Originally published in Island Ad-Vantages, December 19, 2013
DISHS cheerleaders turn pennies into holiday cheer
Squad to build teddy bears for sick children
Seated is Norman Wood and his wife Lorna of Deer Isle, who save their change all year long to help the cheering squad build bears and deliver them to sick children at Eastern Maine Medical Center near Christmas. Behind, from left, are exchange student Mathilde Iverson, senior leader Kennady Eaton, captain Belle Merritt, co-captain Kristyn Davis and coach Kimberly Larsen.
by Jessica Brophy
For children, holidays can be a time of joy and wonder, of stories and gifts and play. But for children battling serious illness, the holidays may mean an extended stay in the hospital.
The Deer Isle-Stonington High School Mariners cheerleaders work to bring some cheer to those children, by collecting money and building teddy bears to bring to children at Eastern Maine Medical Center near Christmas.
This is the fourth year the squad has collected funds to bring sick children stuffed animals. Before the cheerleaders, teacher Debbie Carter used to collect funds to buy stuffed animals.
“She called me one day and asked if the girls would be willing to take it over,” said coach Kim Larsen. “We jumped on board, picked places to put cans, and did some community outreach.”
The response has been very positive, said Larsen. “Bags” of pennies are brought to the school, cans get filled quickly, she said.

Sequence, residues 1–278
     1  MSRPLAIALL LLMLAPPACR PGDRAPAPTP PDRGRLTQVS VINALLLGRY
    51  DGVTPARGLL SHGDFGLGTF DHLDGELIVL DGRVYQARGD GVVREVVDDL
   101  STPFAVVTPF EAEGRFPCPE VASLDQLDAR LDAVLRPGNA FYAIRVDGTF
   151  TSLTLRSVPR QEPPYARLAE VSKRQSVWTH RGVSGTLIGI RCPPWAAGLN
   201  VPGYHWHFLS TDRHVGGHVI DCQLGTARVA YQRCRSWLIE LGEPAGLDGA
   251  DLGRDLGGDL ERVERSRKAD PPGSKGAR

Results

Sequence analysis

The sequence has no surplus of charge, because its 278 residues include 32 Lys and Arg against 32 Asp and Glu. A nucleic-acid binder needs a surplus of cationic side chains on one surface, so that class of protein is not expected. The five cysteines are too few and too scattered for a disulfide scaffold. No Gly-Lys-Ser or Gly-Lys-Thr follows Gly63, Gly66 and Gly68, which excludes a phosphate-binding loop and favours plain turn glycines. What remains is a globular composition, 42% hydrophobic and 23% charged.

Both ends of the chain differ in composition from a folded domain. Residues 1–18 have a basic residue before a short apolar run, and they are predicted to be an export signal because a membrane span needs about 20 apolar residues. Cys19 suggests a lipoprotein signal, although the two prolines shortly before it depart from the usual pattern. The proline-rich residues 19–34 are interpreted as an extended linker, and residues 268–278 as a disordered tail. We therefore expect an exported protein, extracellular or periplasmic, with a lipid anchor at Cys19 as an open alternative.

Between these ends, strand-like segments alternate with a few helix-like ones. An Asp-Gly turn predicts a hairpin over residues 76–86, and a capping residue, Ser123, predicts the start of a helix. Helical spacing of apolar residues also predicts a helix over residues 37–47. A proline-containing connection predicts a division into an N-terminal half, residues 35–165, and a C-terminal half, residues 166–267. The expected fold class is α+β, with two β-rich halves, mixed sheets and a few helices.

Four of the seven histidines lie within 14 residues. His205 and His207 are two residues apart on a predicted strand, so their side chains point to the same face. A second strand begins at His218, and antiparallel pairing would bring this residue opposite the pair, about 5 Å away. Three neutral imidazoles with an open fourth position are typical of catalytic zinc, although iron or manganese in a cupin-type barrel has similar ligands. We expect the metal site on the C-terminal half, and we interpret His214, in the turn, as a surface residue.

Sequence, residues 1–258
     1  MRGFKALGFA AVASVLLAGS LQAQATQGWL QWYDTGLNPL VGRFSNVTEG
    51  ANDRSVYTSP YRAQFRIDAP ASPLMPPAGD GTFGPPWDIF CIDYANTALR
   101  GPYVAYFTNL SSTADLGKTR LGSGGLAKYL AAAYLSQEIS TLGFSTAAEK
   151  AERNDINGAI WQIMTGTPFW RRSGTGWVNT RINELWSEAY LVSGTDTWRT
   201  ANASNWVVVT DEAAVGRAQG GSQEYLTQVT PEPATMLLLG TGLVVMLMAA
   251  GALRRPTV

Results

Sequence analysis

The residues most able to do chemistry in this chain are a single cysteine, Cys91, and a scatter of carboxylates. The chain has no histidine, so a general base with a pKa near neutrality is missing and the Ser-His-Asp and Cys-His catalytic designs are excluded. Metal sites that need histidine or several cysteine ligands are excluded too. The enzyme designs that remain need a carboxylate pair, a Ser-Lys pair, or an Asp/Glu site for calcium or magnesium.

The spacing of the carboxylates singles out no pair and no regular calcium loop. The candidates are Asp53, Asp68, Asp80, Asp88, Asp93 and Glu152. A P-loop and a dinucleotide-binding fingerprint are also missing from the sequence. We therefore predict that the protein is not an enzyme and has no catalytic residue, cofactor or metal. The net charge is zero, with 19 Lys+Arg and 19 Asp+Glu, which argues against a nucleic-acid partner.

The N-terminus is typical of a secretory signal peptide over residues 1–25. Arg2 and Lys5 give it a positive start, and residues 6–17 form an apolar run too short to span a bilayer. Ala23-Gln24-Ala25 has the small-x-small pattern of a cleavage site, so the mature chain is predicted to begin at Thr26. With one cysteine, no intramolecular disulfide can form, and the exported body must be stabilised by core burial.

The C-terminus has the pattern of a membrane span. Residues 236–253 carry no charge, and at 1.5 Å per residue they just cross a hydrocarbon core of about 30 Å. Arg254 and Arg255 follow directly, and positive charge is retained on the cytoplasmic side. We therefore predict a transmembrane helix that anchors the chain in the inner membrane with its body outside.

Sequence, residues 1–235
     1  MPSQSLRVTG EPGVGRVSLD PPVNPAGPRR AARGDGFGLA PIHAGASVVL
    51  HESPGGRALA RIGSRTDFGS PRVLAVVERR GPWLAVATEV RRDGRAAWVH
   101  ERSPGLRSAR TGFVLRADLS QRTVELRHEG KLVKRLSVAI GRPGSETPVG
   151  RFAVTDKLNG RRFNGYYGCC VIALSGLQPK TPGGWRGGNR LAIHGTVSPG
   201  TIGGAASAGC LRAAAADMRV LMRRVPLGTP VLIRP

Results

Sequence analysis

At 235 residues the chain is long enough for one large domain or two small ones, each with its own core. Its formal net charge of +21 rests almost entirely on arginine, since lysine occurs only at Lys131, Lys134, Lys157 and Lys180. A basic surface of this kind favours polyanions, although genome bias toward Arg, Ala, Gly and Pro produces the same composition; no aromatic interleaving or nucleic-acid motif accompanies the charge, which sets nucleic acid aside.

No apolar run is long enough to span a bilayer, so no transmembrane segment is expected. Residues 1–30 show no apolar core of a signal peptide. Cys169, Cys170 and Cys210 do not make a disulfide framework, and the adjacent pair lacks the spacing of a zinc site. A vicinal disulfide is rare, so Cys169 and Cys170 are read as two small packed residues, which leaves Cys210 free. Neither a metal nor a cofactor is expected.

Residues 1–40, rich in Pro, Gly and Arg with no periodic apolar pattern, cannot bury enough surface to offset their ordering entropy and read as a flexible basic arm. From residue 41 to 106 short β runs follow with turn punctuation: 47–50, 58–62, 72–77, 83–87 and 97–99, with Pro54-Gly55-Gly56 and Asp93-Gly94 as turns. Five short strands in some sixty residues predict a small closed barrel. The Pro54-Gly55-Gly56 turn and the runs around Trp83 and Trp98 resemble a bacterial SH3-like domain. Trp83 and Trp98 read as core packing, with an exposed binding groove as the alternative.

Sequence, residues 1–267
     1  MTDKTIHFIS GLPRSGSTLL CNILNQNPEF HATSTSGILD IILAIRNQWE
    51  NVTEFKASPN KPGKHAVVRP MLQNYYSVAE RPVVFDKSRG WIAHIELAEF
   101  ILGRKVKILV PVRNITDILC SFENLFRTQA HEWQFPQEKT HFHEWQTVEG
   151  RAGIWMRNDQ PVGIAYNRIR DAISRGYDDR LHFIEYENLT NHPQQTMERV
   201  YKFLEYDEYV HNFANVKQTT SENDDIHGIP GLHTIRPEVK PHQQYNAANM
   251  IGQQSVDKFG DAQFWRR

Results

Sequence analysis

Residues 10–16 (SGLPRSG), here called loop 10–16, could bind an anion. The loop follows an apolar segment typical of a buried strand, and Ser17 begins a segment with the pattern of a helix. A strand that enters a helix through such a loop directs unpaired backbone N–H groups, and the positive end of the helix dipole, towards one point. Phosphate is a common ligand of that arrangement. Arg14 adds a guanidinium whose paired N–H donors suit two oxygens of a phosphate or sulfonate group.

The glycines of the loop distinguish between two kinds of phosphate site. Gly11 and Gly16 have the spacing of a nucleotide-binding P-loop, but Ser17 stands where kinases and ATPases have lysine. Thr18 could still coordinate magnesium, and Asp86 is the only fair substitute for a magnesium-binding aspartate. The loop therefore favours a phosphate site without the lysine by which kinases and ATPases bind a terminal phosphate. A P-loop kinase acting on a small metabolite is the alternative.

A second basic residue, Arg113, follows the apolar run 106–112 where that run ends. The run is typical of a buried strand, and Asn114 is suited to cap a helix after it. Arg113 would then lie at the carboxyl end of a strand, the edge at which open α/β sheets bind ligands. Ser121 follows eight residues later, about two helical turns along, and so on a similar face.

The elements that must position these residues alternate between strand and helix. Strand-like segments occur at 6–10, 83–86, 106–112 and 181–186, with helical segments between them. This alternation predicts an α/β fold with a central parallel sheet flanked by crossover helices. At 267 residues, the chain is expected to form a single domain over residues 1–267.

Once the funds are collected, the girls roll the change and set a day to visit Build-a-Bear at the Bangor Mall. “We make a day out of it,” said Larsen. “We build the bears, we go to the hospital and parade in with Santa hats on.” The team will do an original cheer for the children, and spend time talking with them.
Co-captain and senior Kristyn Davis said the children are usually very shy at first. “But once they warm up, they get really excited,” she continued.
Captain and senior Belle Merritt agrees. “They often have straight faces, but by the time we leave they’re all smiles,” she said. Once, the squad received a text message from one of the doctors saying what an impact their visit had on one young patient. The squad has followed the stories of some of the children they have met. Some have ended happily, and others have not.
“Last year I held a month-old baby,” said Merritt. “I gave him a bear I had made. He was so tiny. We don’t know what happened to him.”
Both seniors agree the experience is a very positive one. “It makes me feel good to know we were there,” said Davis.
“The giving of our community is incredible,” said Larsen. “We’ve collected $600 in pennies. It’s acts like this that show the true spirit of this island community.”